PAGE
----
After reviewing hundreds of client manuscripts, we can say with some certainty that everybody has her or his favorite punctuation. Some people are fond of ellipses which make them look as if they are perpetually drifting off… Maybe trying to get off the page…
Lately there have been a lot of semi-colon users; they write in connected sentences; we aren’t sure why this is; but it does tend to run everything together in a sort of mush.
Readers of this blog may have observed that our favorite punctuation is the em dash – so named because it is a big as the letter “m” (in contrast to the en dash which is the size of the letter “n”). We like to use it to interrupt ourselves – introduce a break in thought – rather than some of the other, many uses for the em dash. And we like to surround it with spaces a la THE NEW YORK TIMES MANUAL OF STYLE AND USAGE and in contradiction of THE CHICAGO MANUAL OF STYLE.
The em dash is a new phenomenon. Maybe that’s why we like it so much. It did not exist until the computer age and even now, there is no em dash key per se. One has to push control and then, the dash key in the numbers section. We think this makes the em dash kind of special. But the internet is full of criticism. Blogger Noreen Malone wrote in Slate last year that em dashes make the language look like it “is signaling distress in Morse code.”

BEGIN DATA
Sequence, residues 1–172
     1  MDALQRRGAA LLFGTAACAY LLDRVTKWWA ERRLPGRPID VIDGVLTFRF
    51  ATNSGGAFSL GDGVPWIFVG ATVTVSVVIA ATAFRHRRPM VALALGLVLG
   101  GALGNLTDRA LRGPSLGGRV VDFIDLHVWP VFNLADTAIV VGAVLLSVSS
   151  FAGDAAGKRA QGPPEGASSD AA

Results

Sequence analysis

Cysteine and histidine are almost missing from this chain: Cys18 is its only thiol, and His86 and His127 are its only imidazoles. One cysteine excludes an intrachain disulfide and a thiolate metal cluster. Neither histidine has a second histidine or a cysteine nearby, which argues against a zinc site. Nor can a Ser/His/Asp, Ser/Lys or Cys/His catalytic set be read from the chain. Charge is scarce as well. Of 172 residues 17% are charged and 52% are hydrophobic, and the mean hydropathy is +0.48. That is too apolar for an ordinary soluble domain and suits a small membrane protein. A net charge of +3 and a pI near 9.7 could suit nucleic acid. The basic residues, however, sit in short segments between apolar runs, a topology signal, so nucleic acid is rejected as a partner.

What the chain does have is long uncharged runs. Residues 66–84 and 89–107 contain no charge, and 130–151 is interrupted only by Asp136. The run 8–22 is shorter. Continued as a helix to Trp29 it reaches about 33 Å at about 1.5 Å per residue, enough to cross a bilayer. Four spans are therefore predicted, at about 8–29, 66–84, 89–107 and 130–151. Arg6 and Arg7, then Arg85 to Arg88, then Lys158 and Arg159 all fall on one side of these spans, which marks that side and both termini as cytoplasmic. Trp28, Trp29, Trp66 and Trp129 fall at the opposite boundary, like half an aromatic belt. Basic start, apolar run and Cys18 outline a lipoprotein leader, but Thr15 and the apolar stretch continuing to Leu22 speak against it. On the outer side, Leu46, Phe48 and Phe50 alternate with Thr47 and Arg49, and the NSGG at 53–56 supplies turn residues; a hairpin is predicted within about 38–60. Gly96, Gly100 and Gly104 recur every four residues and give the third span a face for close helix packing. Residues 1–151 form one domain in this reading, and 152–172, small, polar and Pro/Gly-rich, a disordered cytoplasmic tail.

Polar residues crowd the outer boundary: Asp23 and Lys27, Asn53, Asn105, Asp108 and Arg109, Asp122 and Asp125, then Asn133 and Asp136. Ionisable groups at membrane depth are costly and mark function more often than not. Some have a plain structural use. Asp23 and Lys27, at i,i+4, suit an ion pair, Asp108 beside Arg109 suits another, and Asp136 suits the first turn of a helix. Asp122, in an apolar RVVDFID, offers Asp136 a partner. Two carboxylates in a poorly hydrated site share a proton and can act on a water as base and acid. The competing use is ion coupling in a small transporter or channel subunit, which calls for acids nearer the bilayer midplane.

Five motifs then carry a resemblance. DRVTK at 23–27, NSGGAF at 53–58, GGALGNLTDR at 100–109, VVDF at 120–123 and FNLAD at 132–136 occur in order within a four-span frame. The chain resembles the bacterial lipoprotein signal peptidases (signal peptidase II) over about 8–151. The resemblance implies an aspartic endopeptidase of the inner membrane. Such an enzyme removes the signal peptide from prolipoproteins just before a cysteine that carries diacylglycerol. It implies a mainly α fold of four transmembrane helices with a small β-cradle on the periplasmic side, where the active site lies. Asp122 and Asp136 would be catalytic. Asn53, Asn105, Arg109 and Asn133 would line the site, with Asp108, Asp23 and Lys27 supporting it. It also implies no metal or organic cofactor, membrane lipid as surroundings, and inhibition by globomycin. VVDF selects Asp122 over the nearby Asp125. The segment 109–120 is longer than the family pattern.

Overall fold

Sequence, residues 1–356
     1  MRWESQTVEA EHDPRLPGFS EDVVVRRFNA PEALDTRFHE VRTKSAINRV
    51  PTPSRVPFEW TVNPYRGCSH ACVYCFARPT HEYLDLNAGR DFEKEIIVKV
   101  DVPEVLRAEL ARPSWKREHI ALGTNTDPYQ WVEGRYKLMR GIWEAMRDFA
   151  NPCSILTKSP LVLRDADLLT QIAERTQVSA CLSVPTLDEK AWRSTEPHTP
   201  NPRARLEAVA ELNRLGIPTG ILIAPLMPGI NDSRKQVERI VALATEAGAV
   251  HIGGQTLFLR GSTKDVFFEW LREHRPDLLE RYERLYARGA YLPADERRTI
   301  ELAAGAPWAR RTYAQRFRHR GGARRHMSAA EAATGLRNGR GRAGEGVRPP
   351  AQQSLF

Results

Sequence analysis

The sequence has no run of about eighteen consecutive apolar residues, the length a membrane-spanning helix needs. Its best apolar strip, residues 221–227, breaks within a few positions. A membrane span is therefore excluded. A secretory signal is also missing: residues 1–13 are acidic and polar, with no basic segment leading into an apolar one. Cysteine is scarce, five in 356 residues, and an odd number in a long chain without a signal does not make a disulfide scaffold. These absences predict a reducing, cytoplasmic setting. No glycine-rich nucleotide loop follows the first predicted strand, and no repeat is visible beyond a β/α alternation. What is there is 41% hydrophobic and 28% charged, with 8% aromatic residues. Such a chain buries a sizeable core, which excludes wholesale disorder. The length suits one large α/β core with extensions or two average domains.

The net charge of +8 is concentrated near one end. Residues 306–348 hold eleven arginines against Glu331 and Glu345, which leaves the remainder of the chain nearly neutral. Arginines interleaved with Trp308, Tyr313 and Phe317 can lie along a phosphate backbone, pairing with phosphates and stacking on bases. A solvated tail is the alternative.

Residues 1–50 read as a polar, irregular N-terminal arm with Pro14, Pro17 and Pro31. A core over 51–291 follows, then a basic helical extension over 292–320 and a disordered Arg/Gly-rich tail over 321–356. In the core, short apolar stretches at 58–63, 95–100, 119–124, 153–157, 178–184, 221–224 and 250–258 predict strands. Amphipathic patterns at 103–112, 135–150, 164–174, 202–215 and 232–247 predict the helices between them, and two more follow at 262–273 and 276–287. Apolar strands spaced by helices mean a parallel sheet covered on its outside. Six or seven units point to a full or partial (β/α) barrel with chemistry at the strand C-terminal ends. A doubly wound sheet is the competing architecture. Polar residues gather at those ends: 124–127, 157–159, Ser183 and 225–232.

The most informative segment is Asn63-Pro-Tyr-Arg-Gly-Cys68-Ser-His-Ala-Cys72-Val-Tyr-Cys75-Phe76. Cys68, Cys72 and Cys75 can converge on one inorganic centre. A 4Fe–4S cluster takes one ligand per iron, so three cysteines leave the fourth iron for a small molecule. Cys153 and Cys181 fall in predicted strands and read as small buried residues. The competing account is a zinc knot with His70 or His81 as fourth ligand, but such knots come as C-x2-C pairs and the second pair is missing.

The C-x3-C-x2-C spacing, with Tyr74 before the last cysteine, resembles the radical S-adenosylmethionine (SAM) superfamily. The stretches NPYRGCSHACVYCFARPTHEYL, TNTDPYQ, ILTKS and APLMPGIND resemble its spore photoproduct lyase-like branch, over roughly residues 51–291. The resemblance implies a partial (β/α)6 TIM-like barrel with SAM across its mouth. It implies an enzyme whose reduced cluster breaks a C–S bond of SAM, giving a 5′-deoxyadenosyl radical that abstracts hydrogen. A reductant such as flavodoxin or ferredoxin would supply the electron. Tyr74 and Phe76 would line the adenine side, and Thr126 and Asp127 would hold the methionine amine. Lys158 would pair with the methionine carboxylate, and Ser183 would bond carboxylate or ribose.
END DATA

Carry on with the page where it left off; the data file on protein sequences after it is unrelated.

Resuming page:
“The problem with the dash—as you may have noticed!—is that it discourages truly efficient writing. It also—and this might be its worst sin—disrupts the flow of a sentence. Don't you find it annoying—and you can tell me if you do, I won't be hurt—when a writer inserts a thought into the midst of another one that's not yet complete?”
We are not deterred; we like the em dash and we intend to use it. We stand up for all our writers right to use whatever their favorite punctuation is in whatever way they want… Then, we step in and correct it.